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An outdated estate plan leads to chaos

Legendary musician Barry White left behind more than just a legacy of iconic music. His estate planning blunder became a cautionary tale to others in his position. The lesson is clear: Do not wait too long to make changes to your will, especially if your health is suffering.

A good rule of thumb for testamentary updates is every three to five years, but major life events call for immediate evaluation. If not, you may end up placing your entire estate in the wrong hands, much like Barry White did. Make sure you review your plan at these crucial points.

Change in marital status

When your marriage is coming to a tragic end, you need to update your plan to reflect this change. It is important to follow through with the dissolution of previous marriages. Minnesota estate law grants a legal spouse certain privileges in the event of your death, regardless of the emotional state of your relationship.

If the decedent does not designate a personal representative, the responsibility automatically falls to the deceased’s spouse. In the case of Barry White, his divorce was never final, despite his subsequent nine-year involvement with a live-in girlfriend. This left his estate under the supervision of his estranged wife, who was not exactly generous in providing for White’s new paramour.

Although his marriage status never legally changed, White still could have rectified the situation for his loved ones if he had made the appropriate changes to his will. The one stipulation that removes executorship from the decedent’s spouse is the official designation of someone else. In other words, White could have remained legally married to his previous partner while still giving his current partner authority over his estate.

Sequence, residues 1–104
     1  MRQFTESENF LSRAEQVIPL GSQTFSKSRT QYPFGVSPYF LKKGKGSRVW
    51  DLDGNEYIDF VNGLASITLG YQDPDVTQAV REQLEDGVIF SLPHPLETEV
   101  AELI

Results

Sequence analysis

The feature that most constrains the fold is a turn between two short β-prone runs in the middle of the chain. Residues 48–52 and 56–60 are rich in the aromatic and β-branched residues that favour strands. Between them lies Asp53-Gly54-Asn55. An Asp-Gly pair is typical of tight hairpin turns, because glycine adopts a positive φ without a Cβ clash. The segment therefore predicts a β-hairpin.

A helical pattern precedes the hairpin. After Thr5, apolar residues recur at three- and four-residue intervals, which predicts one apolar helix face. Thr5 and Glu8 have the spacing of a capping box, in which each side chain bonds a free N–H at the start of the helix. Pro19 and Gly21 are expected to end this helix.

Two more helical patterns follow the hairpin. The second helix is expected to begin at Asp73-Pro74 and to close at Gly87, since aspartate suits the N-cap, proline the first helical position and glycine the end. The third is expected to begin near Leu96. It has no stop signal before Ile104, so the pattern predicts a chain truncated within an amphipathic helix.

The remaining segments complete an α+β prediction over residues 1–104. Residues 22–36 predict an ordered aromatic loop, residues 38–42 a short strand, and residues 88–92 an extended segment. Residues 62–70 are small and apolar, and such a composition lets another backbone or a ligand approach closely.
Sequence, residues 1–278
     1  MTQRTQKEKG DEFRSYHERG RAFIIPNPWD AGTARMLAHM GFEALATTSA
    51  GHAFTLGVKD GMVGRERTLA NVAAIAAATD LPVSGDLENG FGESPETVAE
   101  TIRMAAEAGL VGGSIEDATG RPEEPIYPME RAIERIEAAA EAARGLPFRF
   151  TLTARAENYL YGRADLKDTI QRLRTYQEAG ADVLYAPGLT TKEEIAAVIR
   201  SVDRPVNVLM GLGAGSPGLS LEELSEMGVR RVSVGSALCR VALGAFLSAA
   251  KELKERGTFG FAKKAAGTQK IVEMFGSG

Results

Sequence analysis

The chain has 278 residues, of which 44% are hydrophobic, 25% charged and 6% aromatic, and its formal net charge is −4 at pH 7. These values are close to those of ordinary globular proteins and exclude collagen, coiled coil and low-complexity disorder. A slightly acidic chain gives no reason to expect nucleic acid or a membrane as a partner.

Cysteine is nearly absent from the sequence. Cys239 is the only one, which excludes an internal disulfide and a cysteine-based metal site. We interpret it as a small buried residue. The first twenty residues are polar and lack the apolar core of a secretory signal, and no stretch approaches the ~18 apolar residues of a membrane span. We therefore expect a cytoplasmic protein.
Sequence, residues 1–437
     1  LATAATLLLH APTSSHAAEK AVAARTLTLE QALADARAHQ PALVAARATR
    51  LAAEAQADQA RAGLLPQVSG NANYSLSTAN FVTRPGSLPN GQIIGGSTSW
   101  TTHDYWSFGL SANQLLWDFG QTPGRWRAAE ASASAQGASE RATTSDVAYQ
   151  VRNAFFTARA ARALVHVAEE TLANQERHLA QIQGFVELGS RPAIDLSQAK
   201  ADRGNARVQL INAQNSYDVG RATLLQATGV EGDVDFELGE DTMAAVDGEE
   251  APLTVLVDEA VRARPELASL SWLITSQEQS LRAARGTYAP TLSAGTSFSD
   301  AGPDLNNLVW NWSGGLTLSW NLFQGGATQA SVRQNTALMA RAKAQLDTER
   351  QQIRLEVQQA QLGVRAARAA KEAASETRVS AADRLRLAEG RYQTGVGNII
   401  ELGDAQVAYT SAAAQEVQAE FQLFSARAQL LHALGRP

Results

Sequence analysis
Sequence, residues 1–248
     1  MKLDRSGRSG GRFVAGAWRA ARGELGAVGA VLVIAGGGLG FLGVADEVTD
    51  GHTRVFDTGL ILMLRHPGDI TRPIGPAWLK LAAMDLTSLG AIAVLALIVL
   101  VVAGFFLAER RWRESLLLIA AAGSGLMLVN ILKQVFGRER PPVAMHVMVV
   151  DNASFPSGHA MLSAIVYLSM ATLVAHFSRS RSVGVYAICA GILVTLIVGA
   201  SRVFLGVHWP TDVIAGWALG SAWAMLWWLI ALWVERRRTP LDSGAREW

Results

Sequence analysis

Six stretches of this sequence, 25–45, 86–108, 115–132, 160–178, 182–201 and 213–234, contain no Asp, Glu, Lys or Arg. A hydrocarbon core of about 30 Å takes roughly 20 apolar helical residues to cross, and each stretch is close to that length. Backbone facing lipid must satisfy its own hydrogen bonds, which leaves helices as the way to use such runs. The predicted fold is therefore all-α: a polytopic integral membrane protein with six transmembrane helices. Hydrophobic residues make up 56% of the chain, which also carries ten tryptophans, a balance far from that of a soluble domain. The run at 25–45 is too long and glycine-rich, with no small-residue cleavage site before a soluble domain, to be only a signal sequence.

Birth of children

Another costly mistake is failing to define new beneficiaries when you have children. Without this allocation, your children may be at the mercy of the executor. This did not work out well for White’s daughter Denise.

The father-daughter pair did not discover his paternity until late in life. Though he welcomed her into his family, he never made the official change to include her in his will. She received a smattering of checks for about a decade before the income suddenly stopped. The elapsed time made it more difficult for her to establish a legal claim.

The passing of a loved one is a trying time for family members. Updating your will eases the stress and burden during this difficult period. It also ensures that you provide for your family the way you want to.

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